The Best Way To Stay Present

While in the process of writing the second draft of a guest post about my thoughts on my spiritual journey in relation to the film ‘Stranger Than Fiction’ I caught myself before getting fully lost in my own thoughts: ‘Wow…I’m not thinking of any other thing at the moment. I’m totally immersed!’

 

Whether that means that I might drop off the time spent on making music….I don’t know. I do know that music is still a bit part of my life. I recently felt my heart swell a tad while listening to an arrangement of Adele’s ‘Hello’ by an orchestra (I couldn’t find the version I saw on SBS though this one sounds similar to that arrangement).

 

Could that mean that I’ll be more of a listener (maybe the music discovery project might take the front seat more?)? For now, I think what I’m supposed to do with that reminder is to keep track of those moments when I am able to easily be present in what I’m doing

 

It’s one thing to find out that I need solitude to recharge, and another to find out what kind of ‘activities in solitude’ helps the most. It may turn out to be a combination of G rated clips from The Graham Norton Show and running through my to-do list (particularly the ones that have me working with specific constraints: may it be addressing notes from an editor or trying to mesh two ideas together to birth a unique one)

 

 

 

 

 


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Would You Rather…?

A £200m trust fund that came with a parent that didn’t really think you were good enough? Or look after teens (13-25) for 15 hours a day for the rest of your life?

 

Whether it be a difficult choice or easy, I find that playing this particular game could be connected to a person’s state of envy. It would be quite easy for me to think that Alain de Botton has been set for life because of his hefty financial cushion. Though noticing the key phrase (“untouched £200m trust fund“) could lay the key to understanding Alain a bit (would he choose the second option?).

 

Here’s something you can use as a spring board to come up with five of your own (Rating M: Some swearing). Quite handy to get to know someone a bit deeper, and help you decide if they are part of your fifteen. 🙂

 

 

 

 


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What Is A Hero?

I like how the more I ponder on something, the more likely I’d understand it.

 

As I was listening to Clay Scroggins’ talk, a thought came to me. Then I found myself wondering who’d I consider a hero.

 

It would be someone who is:

  • Able to hold back their biting comment — and wait for the right time to share it (maybe after arranging it as a ‘not so biting’ comment so the recipient wouldn’t be so defensive)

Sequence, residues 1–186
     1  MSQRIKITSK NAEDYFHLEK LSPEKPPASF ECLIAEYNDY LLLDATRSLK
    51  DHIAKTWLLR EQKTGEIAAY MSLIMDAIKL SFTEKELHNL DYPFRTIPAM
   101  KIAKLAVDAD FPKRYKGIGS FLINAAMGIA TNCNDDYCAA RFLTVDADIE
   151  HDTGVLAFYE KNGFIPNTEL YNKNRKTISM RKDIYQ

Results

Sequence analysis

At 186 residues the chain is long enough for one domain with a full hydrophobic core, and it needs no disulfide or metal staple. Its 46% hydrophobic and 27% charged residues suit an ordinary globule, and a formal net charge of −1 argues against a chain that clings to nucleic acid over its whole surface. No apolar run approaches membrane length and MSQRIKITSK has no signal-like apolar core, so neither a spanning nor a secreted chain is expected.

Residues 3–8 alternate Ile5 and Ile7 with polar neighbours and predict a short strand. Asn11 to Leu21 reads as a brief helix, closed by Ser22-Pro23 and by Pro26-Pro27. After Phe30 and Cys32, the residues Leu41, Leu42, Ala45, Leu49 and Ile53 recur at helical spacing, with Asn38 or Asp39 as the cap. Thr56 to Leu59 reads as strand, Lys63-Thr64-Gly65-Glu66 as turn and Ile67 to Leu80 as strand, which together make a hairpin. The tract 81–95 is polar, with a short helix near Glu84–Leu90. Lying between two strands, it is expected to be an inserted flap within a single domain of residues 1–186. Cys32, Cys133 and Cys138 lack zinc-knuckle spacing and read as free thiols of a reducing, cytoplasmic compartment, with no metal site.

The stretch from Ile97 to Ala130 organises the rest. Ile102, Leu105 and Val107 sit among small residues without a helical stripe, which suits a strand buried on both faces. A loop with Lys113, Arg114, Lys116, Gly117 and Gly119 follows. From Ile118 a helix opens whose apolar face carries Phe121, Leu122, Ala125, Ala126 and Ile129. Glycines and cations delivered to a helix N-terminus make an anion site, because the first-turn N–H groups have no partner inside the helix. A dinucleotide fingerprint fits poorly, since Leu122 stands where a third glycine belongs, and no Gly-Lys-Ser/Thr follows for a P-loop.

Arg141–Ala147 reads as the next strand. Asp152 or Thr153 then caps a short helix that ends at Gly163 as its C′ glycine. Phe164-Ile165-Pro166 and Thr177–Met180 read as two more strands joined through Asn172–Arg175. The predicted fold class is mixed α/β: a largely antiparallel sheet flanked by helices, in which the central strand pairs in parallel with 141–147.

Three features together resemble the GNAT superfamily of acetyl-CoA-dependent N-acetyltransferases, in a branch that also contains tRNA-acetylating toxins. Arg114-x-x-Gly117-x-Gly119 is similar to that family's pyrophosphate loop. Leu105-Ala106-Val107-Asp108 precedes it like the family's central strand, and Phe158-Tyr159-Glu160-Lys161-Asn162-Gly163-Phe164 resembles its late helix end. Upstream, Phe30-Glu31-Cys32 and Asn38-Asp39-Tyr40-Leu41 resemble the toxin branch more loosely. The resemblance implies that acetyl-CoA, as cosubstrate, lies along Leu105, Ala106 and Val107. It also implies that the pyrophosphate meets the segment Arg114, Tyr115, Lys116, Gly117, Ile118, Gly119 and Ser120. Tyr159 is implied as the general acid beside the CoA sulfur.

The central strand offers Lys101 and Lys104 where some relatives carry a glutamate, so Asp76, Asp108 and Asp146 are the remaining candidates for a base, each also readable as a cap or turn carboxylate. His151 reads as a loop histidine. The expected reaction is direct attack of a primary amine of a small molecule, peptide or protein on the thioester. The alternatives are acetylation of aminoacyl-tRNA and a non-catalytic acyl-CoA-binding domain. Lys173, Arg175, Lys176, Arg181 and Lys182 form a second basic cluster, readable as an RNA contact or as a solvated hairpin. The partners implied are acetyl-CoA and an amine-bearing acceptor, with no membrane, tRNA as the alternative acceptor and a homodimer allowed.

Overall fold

• Alert to their surroundings, so much that they are able to notice when someone is not okay — and take the time to ask.
  • Taking an hour out of their day to report unhelpful comments on Twitter, YouTube, and Instagram (you’ll be surprised how much inappropriate posts there are on popular tags)
  • Intentional in creating margin — so if they spot someone in need they can just stop. And not worry about being late to the next thing on their calendar.
  • Mature enough to redirect their energy when it is being used wastefully (like complaining and plotting ways to ‘get even’) and find ways to lift up someone in their circle.

 

 

 

 


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The Best Thing For Today And Tomorrow

Do I want to spend two hours and be heard by 5 people or 300?

 

I would have thought my daily choices point to the latter (thereby leveraging my time). But after a quick audit of my activities, I still have a tendency to pick broadcasting to 5 over 300.

 

While watching a documentary earlier today…I got a stark reminder that I am one of those drivers Danny Kahneman was talking about. The scenario was that even if Taxi Drivers know that they get more passengers during rainy days vs sunny days, they don’t make it a point to work more hours on rainy days (and take a day off during sunny days). What’s worse, is the Taxi Drivers stop working once they hit their daily goal (which is the same during sunny days) even when there are tons more earning opportunities.

 

So, in addition to my daily time tracking sheets — I am aiming to pause every few hours to ask the question: ‘Should I continue? Or do I need to pivot?’

 

I know it’s a different scenario for the Notes of Encouragement (which is personalised…and I aim to send each an every one of them myself). But for the Q&A and building the mailing list. There’s an option of guest posting, rather than spending my time on Twitter interacting with individual tweets that are amusing or engaging.

 

Put in another way by Charles Duhigg: “Productivity is not about doing things unthinkingly. Productivity is about pushing yourself to think more about the things that matter…We know that the people who are most productive tend to spend more time thinking about what their priorities ought to be. Instead of getting into their office and just automatically answering emails, and then working on their expenses, and then returning phone calls. Instead of going on auto-pilot….What the most productive people do is they sit down and they say: ‘Okay look, I know I did that yesterday, but is that the best use of my time today?’

 

 

 

Additional Readings:

 

 

Note: The Battle In Your Mind is available for purchase if you’re looking for viewing for your conference attendees.

 


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The Zone and Flow

I was reminded of one of the optimal ways I can get myself to that place where not only do I have the ideas flowing, I also have the motivation to carry me through the activity (however many of them).

 

Surprisingly, it’s using a REALLY old tablet (until I figure out how to root it so I can ‘up’ the system storage), which due to its age…I only am able to keep a limited amount of apps. One I use often is Opera Mini (somehow even less resource exhaustive than the native browser app) to collect posts that would remind me when it is time to create content (either for public consumption — or for clients).

 

Maybe it’s while having a meal (I’m okay eating near phones or tablets — but not a laptop of desktop…) or while cooking.

 

Does one activity come to mind that just gets you there?

 

Additional Readings:

 

 

 

 

 

 


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Systems vs Goals

One takeaway I got from Scott’s chat with Srini was the idea of setting up systems rather than goals.

For me it makes sense, because I do believe that we have no idea where a project could lead to. So as Scott shares how he just started blogging, which ended up helping him write his book (as well as write for publications like The Wall Street Journal), which in turn helped him get speaking gigs.